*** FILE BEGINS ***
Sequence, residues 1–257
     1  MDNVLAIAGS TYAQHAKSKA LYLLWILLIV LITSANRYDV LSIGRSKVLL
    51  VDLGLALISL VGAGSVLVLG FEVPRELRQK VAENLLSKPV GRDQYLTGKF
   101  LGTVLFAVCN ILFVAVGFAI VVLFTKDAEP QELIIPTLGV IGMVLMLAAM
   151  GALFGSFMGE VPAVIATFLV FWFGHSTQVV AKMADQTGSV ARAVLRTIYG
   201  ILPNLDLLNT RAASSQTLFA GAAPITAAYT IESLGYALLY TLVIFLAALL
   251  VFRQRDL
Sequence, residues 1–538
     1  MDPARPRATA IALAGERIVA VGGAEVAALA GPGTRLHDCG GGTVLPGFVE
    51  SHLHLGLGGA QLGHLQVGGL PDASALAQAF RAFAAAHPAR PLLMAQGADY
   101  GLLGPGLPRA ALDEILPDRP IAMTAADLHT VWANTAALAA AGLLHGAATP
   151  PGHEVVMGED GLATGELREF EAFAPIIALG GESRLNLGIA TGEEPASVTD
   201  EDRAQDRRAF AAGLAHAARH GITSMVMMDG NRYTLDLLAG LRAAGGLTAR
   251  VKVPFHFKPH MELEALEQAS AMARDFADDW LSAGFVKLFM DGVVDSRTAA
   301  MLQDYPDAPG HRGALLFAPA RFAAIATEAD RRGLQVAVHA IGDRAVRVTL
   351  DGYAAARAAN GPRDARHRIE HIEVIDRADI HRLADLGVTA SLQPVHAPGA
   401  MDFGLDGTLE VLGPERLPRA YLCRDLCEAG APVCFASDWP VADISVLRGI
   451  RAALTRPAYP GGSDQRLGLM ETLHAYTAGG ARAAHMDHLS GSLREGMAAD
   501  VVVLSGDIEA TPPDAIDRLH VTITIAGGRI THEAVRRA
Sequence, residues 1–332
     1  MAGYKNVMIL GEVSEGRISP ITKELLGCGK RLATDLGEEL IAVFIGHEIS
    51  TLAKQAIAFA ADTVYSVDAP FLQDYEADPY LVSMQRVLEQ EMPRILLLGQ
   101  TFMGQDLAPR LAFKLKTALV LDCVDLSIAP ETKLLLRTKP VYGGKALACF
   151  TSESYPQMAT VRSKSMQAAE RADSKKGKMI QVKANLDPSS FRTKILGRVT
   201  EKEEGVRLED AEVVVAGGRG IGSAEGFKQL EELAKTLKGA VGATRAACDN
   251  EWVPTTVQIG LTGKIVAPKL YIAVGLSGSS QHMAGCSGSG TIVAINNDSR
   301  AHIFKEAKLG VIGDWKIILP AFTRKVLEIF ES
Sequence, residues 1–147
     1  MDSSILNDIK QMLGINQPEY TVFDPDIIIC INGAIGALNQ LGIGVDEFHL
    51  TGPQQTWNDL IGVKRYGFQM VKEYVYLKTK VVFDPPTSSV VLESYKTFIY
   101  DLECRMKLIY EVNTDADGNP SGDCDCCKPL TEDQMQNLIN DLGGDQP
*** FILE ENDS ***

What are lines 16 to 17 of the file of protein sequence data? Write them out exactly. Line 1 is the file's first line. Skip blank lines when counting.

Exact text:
   351  DGYAAARAAN GPRDARHRIE HIEVIDRADI HRLADLGVTA SLQPVHAPGA
   401  MDFGLDGTLE VLGPERLPRA YLCRDLCEAG APVCFASDWP VADISVLRGI